Senior Exhibition: Amy Beisiegel
Amy Beisiegel (senior, graphic design) opened her Bachelor of Fine Arts (BFA) Senior Exhibition on April 3. For her thesis project, she wrote, designed and printed a book. The book is a collection of essays covering what she has learned about herself, graphic design and other people she has encountered in her experiences thus far.
The gallery exhibition featured posters of the designs from her book, as well as several copies of the book on shelves that could be read or purchased by visitors. There was also a large chalkboard on which visitors were asked to write down their own revelations. This quickly became filled with congratulatory messages from the exhibition’s steady crowd.
What inspired your project?
From my freshman year I knew I had to do an assignment for my senior BFA project. I knew that I really love books, book cover design and layout, so I knew I wanted to do something with that. I decided to go with a more literal understanding of thesis, which is basically a presentation of what you’ve learned, what you’ve studied, and what merits you a degree. I feel like my expertise is not anything special—I haven’t lived very long and I’m still in school—so I feel like I don’t have the age or experience credibility, but I wrote from the angle that each person has a unique experience that informs what they know and think. I decided to write what I know, specifically from the perspective of my experiences, because that’s what I am an expert on—my own experience.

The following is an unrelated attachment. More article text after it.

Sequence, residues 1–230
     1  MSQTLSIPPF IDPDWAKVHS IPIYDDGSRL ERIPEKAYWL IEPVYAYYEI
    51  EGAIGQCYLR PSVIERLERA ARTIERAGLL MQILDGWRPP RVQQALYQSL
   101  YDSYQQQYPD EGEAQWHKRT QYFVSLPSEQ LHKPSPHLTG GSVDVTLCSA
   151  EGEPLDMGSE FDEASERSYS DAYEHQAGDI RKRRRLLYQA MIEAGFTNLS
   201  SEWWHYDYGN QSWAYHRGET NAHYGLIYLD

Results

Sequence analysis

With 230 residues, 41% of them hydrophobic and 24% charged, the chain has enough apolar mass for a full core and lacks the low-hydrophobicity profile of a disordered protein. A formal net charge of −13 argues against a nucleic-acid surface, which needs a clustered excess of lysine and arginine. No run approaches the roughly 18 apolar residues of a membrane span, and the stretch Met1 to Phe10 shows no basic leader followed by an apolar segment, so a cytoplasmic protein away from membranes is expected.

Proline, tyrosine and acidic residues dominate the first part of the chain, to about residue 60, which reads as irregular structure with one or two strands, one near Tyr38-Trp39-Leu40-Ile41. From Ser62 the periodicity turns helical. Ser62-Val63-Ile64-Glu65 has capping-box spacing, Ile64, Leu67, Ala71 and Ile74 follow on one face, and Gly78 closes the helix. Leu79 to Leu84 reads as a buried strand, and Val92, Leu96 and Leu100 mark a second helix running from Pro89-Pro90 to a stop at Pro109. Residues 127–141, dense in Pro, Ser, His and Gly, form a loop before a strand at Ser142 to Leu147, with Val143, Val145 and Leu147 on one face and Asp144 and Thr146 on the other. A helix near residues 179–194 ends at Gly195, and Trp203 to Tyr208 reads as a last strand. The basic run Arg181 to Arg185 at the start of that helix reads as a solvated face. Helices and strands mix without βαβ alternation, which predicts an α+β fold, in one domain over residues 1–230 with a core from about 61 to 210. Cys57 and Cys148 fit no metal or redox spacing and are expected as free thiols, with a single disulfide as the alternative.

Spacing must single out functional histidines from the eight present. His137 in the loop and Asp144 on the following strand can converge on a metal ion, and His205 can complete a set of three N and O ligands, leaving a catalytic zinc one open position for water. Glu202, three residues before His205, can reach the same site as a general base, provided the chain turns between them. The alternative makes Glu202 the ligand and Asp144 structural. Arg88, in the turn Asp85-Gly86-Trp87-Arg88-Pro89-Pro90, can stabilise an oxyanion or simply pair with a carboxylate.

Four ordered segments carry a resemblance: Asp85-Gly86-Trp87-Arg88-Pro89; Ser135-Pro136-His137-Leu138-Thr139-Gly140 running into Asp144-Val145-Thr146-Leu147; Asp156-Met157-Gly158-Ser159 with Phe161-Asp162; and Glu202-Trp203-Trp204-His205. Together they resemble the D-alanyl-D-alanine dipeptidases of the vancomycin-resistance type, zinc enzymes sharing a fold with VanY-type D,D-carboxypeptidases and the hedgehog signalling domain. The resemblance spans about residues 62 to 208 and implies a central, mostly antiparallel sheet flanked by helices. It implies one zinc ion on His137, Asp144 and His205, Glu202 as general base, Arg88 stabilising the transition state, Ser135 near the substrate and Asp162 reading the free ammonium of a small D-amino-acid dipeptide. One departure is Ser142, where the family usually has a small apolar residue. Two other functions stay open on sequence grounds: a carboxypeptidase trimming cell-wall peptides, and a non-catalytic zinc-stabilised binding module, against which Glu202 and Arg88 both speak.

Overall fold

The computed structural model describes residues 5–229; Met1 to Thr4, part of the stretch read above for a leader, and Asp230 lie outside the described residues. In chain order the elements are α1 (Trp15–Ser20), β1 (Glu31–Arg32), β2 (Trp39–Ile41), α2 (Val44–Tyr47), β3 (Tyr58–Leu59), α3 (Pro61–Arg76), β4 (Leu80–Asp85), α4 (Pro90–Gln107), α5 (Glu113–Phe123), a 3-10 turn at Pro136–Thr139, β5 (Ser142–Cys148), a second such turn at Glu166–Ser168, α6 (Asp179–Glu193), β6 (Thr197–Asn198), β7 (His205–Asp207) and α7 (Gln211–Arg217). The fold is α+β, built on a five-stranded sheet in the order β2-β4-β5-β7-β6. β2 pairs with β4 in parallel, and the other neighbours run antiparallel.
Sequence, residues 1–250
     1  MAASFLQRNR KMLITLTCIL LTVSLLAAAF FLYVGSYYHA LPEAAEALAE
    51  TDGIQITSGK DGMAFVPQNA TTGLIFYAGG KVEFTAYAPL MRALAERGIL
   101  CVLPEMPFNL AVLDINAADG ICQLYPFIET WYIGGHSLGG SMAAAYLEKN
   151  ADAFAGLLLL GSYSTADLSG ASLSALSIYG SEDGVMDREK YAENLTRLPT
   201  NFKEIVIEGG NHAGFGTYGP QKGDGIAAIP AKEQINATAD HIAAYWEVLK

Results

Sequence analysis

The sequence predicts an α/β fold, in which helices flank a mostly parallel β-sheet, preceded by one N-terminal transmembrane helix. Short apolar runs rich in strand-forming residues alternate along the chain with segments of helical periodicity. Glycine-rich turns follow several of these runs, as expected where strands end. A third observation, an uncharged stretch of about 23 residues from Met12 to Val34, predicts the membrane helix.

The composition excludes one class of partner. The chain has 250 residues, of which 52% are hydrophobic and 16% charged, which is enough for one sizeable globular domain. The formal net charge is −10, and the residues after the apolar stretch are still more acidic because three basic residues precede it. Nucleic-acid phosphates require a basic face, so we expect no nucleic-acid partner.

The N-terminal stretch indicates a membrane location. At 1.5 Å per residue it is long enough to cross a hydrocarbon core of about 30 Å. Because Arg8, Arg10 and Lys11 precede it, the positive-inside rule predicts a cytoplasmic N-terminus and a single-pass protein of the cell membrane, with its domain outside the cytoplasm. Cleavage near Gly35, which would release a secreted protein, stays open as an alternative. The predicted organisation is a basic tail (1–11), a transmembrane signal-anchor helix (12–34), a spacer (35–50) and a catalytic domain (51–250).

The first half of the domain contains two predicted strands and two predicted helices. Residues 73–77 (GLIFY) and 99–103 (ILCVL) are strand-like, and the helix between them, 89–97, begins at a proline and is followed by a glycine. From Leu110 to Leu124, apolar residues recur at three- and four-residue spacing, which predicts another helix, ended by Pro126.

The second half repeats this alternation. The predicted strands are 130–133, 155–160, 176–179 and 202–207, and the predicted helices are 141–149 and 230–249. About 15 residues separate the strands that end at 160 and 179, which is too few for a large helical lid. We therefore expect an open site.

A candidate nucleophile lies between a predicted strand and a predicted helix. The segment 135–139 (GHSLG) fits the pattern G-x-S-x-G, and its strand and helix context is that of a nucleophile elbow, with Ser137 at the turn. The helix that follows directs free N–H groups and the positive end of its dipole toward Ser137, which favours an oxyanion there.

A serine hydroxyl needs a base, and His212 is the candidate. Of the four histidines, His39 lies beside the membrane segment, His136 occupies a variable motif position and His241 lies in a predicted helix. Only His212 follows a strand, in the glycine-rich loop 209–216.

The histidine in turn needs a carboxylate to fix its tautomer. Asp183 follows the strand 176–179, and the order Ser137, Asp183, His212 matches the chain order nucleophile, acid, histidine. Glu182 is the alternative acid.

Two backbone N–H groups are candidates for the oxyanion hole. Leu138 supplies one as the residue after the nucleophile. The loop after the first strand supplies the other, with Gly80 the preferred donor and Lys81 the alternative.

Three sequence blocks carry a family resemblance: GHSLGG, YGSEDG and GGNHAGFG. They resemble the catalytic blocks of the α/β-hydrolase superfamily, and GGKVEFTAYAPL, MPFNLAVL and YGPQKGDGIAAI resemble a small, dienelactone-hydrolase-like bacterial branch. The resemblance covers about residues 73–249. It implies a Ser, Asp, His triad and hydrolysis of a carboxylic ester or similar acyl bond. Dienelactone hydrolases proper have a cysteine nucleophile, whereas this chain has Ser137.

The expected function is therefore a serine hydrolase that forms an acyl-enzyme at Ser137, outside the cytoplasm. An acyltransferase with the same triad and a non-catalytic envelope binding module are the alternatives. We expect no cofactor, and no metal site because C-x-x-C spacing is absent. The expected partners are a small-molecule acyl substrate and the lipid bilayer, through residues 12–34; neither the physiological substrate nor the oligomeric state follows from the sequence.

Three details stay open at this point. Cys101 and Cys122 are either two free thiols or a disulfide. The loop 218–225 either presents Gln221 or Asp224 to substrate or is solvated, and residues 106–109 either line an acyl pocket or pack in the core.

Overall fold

What did your teachers think when you said “I want to write a book”?
They were skeptical that I’d be able to write all of the content. I’m a design student, not a writer. It’s a big stretch; they were concerned that I was taking off too much to do in a year, and coming up with the content is hard. There were some questions about where I was going to get guidance, and then there was everything that I was concerned with, like raising the money to print, wondering whether my writing is interesting enough, etc.
What challenges did you run into that you didn’t expect?
Writing. I would say I was really foolish to pick writing. I’m glad I did it now, but it was a lot to learn, as it takes practice. At the end of the process, my style had developed, and the beginning of the work didn’t fit anymore, so I had to throw away a few essays. That’s hard because it’s the first thing you did and you care about it, and you just have to throw it away. But it’s an artistic decision that you have to make.
What advice would you give to another student beginning a similar project?
Don’t be afraid to do something really big. Don’t think of it as the end of your education, but think of it as the beginning of your career. It’s not the last big thing you’ll do, it’s the first, and hopefully you can top yourself. Don’t be afraid to do something that’s a lot of hard work. You’re guaranteed an audience, so make use of it. Don’t just do something to graduate; do something because you care about it.